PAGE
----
Just to point out: trade between subsaharan Africa and the north (Rome, Carthage, Egypt, Persia, India) was extensive long before 500AD. [Julius Caesar, for example, had a pet giraffe].
Proto-Bantu would have been spoken thousands of years earlier, and not in the interior of the Congo Rainforest (which is, of course, about the only place where there wouldn't have been any lions)., and additionally, at a time when Bantu speakers would be confined to the interior of the Congo Rainforest, making a borrowing unlikely.
Do we know which Bantu languages actually have the word? Also, wiktionary only gives Swahili as having it mean 'lion' - every other language I can find it in has it mean 'genet'.
That probably makaes Bantu origin more likely. However, lion > big cat > genet could conceivably be a recent shift, as the range of the lion has collapsed.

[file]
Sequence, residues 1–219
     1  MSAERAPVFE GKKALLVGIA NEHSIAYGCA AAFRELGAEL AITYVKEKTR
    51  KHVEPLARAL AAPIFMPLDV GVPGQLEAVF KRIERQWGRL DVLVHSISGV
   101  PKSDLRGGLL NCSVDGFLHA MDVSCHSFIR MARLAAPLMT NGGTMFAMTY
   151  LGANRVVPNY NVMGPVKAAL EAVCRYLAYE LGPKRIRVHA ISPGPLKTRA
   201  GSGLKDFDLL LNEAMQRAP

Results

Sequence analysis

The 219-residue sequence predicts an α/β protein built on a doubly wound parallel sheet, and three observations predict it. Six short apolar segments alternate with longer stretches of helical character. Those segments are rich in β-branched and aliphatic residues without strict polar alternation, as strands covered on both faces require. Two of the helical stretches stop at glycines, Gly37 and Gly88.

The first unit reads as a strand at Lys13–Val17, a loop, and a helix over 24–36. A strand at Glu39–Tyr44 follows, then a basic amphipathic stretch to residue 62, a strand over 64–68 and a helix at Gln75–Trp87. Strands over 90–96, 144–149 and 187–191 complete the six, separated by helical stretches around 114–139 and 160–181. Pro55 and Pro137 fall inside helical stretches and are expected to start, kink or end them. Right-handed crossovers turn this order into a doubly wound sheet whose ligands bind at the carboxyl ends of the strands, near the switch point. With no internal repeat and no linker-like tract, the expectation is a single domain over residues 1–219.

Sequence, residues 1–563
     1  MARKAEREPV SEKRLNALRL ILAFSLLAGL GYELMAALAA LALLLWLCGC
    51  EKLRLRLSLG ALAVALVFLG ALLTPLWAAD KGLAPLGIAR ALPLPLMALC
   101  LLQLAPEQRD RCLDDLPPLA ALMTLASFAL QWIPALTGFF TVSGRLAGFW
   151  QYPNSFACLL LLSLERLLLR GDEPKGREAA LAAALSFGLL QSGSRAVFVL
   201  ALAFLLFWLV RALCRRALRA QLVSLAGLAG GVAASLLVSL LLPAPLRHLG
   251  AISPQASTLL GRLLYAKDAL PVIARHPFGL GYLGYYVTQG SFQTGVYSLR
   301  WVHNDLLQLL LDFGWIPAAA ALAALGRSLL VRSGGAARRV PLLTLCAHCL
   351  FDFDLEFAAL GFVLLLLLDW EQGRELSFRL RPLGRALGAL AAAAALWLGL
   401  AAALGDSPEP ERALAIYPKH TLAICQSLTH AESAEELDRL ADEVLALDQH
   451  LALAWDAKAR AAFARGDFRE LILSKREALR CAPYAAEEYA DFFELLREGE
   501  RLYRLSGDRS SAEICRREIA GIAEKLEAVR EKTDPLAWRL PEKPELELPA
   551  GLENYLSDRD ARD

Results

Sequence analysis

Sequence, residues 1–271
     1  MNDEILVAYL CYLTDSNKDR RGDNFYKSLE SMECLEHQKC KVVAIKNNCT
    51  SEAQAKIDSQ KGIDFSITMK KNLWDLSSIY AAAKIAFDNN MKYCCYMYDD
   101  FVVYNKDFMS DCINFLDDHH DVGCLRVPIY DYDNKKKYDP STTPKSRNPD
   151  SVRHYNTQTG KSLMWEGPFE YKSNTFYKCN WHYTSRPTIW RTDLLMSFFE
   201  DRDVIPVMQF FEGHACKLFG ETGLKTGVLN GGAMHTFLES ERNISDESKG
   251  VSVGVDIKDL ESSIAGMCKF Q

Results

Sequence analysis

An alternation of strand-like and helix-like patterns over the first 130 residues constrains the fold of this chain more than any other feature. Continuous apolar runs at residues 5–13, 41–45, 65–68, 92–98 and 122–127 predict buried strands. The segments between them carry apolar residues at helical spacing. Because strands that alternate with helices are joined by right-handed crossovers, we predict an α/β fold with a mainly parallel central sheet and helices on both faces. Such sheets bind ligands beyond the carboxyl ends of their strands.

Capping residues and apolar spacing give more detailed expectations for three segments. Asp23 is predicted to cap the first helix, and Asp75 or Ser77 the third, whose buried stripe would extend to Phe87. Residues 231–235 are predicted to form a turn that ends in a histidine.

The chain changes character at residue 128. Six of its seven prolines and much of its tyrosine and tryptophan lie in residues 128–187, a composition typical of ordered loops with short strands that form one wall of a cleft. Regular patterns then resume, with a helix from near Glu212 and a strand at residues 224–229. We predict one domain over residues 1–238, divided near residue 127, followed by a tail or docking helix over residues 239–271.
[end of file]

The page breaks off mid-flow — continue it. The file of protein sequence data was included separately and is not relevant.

The one thing that makes the wanderwort an intriguing idea here is that if Bantu speakers DID reach east africa through the congo (no lions!) then they could conceivably have borrowed a word for 'lion' from east africans who were already dealing with lions. And the native east africans at that point would in many case have been afro-asiatic and would have migrated from further north, where they could have either produced or received a wanderwort.
But this idea is a bit of a stretch, and only works if the word in Bantu is limited to languages from the eastern branch, or languages that could have borrowed from the eastern branch.
You're assuming the word would be borrowed from Sanskrit, which seems unlikely.Additionally the anusvara in Sanskrit would imply that a loanword would probably contain a nasal vowel or a velar nasal, the most common reflexes of *ṃh in Indic languages (cf. Hindi सिंघ siṅgh lion). It would additionally be unusual for the nasalized vowel to fortite to mb.